The importance of funding microplastic bioremediation projects:

Given the pervasiveness of microplastic pollution and its multiple impacts on the environment and human health, there is an urgent need to invest in innovative solutions to mitigate its negative impacts. Bioremediation, which harnesses the metabolic capabilities of microorganisms to degrade and detoxify contaminants, offers a promising approach to addressing microplastic pollution in diverse ecosystems. By supporting research and development initiatives focused on microplastic bioremediation technologies, policymakers, industry, and environmental organizations can accelerate the transition to more sustainable waste management practices and protect the health of ecosystems and human populations worldwide.

In summary, the escalating threat of microplastic pollution requires a concerted effort to understand its ecological and health impacts, develop effective mitigation strategies, and promote sustainable alternatives to plastic use. Through interdisciplinary collaborations, scientific advances, and targeted investments in bioremediation research, we can mitigate the negative impacts of microplastics on environmental quality, wildlife conservation, and public health, thereby promoting a cleaner, healthier planet for present and future generations.

ASPIDIA is at the forefront of pioneering research efforts to discover innovative and sustainable bioremediation solutions for ubiquitous pollutants, including microplastics and nanoplastics. Through an unwavering commitment to scientific excellence, ASPIDIA is leading efforts to mitigate the pervasive threat of plastic pollution by harnessing the transformative potential of bioremediation technologies. By leveraging cutting-edge research methods and interdisciplinary collaborations, ASPIDIA is poised to catalyze positive change in the field of environmental remediation and promote a cleaner, healthier planet for future generations.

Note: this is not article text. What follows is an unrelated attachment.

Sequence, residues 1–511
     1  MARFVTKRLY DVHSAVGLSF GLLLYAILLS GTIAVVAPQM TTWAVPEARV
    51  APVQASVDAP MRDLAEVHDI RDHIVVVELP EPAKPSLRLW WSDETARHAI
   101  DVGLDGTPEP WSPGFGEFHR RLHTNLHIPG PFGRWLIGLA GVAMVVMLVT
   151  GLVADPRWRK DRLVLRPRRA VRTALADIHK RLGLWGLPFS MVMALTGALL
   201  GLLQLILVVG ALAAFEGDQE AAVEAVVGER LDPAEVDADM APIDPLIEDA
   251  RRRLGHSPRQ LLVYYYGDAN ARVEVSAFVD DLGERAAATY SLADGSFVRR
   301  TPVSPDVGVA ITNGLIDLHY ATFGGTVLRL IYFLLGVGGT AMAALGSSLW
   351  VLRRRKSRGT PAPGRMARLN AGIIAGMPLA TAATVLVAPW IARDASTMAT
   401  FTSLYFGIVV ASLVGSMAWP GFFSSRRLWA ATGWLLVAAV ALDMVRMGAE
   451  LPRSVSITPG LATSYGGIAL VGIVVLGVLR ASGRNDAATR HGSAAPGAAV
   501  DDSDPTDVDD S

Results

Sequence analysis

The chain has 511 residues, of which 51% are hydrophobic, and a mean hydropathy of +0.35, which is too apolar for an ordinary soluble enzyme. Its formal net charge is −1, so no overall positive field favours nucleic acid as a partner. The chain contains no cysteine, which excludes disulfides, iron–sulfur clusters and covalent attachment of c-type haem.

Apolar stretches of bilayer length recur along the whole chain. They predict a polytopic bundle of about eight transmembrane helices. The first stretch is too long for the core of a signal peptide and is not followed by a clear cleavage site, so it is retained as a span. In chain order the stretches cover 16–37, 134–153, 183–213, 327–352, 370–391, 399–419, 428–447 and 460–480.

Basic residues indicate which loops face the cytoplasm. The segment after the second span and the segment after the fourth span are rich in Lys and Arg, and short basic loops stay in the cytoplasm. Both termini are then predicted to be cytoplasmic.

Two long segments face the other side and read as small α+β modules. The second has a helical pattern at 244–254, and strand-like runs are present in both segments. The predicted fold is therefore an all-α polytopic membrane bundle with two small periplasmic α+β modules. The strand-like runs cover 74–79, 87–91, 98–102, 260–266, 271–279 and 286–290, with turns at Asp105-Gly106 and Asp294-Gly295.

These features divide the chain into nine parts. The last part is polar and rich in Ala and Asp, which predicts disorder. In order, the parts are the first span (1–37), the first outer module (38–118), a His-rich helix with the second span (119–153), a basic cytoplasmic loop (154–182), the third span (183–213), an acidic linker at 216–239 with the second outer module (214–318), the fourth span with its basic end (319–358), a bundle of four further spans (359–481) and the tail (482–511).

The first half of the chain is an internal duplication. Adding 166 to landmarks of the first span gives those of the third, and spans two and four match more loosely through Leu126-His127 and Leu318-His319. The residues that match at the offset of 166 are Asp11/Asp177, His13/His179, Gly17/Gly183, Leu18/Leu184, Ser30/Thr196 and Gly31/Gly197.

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Toxic effect of chronic exposure to polyethylene nano/microplastics on oxidative stress, neurotoxicity and gut microbiota of adult zebrafish (Danio rerio). Chemosphere. 2023;339:139774. doi:10.1016/j.chemosphere.2023.139774.

Medriano CA, Bae S.

Acute exposure to microplastics induces metabolic disturbances and gut dysbiosis in adult zebrafish (Danio rerio). Ecotoxicol Environ Saf. 2022;245:114125. doi:10.1016/j.ecoenv.2022.114125.

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Polystyrene Nanoplastics Toxicity to Zebrafish: Dysregulation of the Brain-Intestine-Microbiota Axis. ACS Nano. 2022;16(5):8190-8204. doi:10.1021/acsnano.2c01872.

Zhang C, Li Y, Yu H, et al.

Co-exposure of nanoplastics and arsenic causes neurotoxicity in zebrafish (Danio rerio) through disrupting homeostasis of microbiota-intestine-brain axis. Sci Total Environ. 2024;912:169430. doi:10.1016/j.scitotenv.2023.169430.